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Curry v. Colvin

United States District Court, S.D. Indiana, Indianapolis Division

August 3, 2015

JACOB CURRY, Plaintiff,
CAROLYN W. COLVIN, Acting Commissioner of Social Security, Defendant.


WILLIAM T. LAWRENCE, District Judge.

Plaintiff Jacob Curry requests judicial review of the final decision of the Defendant, Carolyn W. Colvin, Acting Commissioner of the Social Security Administration ("the Commissioner"), denying his applications for Disability Insurance Benefits ("DIB") and Supplemental Security Insurance Benefits ("SSI") under Titles II and XVI of the Social Security Act ("the Act"). The Court, having reviewed the record and the briefs of the parties, rules as follows.


Disability is defined as "the inability to engage in any substantial gainful activity by reason of a medically determinable mental or physical impairment which can be expected to result in death, or which has lasted or can be expected to last for a continuous period of at least twelve months." 42 U.S.C. § 423(d)(1)(A). In order to be found disabled, a claimant must demonstrate that his physical or mental limitations prevent him from doing not only his previous work, but any other kind of gainful employment which exists in the national economy, considering his age, education, and work experience. 42 U.S.C. § 423(d)(2)(A).

In determining whether a claimant is disabled, the Commissioner employs a five-step sequential analysis. At step one, if the claimant is engaged in substantial gainful activity he is not disabled, despite his medical condition and other factors. 20 C.F.R. § 404.1520(b).[1] At step two, if the claimant does not have a "severe" impairment (i.e., one that significantly limits his ability to perform basic work activities), he is not disabled. 20 C.F.R. § 404.1520(c). At step three, the Commissioner determines whether the claimant's impairment or combination of impairments meets or medically equals any impairment that appears in the Listing of Impairments, 20 C.F.R. pt. 404, subpt. P, App. 1, and whether the impairment meets the twelve-month duration requirement; if so, the claimant is deemed disabled. 20 C.F.R. § 404.1520(d). At step four, if the claimant is able to perform his past relevant work, he is not disabled. 20 C.F.R. § 404.1520(f). At step five, if the claimant can perform any other work in the national economy, he is not disabled. 20 C.F.R. § 404.1520(g).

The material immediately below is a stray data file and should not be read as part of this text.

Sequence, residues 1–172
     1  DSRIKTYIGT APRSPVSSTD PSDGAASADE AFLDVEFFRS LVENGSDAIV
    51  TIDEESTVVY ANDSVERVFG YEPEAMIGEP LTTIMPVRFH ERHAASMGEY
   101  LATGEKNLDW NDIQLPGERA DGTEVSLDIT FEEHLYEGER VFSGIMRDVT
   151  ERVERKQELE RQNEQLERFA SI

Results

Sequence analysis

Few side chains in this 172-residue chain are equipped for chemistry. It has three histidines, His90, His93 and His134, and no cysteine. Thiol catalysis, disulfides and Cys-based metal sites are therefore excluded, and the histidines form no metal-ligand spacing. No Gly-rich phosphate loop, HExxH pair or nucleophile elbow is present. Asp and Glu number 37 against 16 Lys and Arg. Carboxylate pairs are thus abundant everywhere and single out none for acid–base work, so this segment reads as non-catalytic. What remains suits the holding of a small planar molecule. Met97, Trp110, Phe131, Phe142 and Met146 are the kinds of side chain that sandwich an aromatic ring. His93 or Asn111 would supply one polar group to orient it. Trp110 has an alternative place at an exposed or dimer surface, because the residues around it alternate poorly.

In reviewing the ALJ's decision, the ALJ's findings of fact are conclusive and must be upheld by this court "so long as substantial evidence supports them and no error of law occurred." Dixon v. Massanari, 270 F.3d 1171, 1176 (7th Cir. 2001). "Substantial evidence means such relevant evidence as a reasonable mind might accept as adequate to support a conclusion, " id., and this court may not reweigh the evidence or substitute its judgment for that of the ALJ. Overman v. Astrue, 546 F.3d 456, 462 (7th Cir. 2008). The ALJ is required to articulate only a minimal, but legitimate, justification for her acceptance or rejection of specific evidence of disability. Scheck v. Barnhart, 357 F.3d 697, 700 (7th Cir. 2004). In order to be affirmed, the ALJ must articulate her analysis of the evidence in her decision; while she "is not required to address every piece of evidence or testimony, " she must "provide some glimpse into her reasoning... [and] build an accurate and logical bridge from the evidence to her conclusion." Dixon, 270 F.3d at 1176.


Jacob Curry filed for DIB and SSI on December 15, 2011, alleging he became disabled on February 15, 2010. His application was denied initially on February 8, 2012, and again upon reconsideration on April 2, 2012. Following the denial upon reconsideration, Curry requested and received a hearing in front of an Administrative Law Judge ("ALJ"). A hearing, during which Curry was represented by counsel, was held on April 4, 2013. Also present at the hearing were Dr. Don A. Olive, a medical expert, and Gail K. Corn, a vocational expert. ALJ Belinda Brown issued her decision denying Curry's application on April 25, 2013, and the Appeals Council denied Curry's request for review on June 10, 2014. After the Appeals Council denied review of the ALJ's decision, Curry filed this timely appeal.


The ALJ determined at step one that Curry had not engaged in substantial gainful activity since February 15, 2010, the alleged onset date. At steps two and three, the ALJ concluded that Curry had the severe impairments of "post-traumatic stress disorder PTSD, ' personality disorder, and depression, " R. at 14, but that his impairments, singly or in combination, did not meet or medically equal a listed impairment. At step four, the ALJ determined that Curry had the residual functional capacity ("RFC")

To perform a full range of work at all exertional levels with the following nonexertional limitations: the claimant is limited to performing simple, routine, and repetitive tasks that require no production rate. He is able to make simple workrelated decisions. The claimant must have only occasional contact with supervisors and co-workers and no contact with the general public.

Id. at 17. Given that RFC, the ALJ determined that Curry could not perform any of his past relevant work. Finally, at step five, considering Curry's age, education, work experience, and RFC, the ALJ determined that Curry could perform a range of work that exists in the national economy. Accordingly, the ALJ concluded that Curry was not disabled as defined by the Act.


The medical evidence of record is aptly set forth in Curry's brief (Dkt. No. 14) and need not be recited here. Specific facts are set forth in the discussion section below ...

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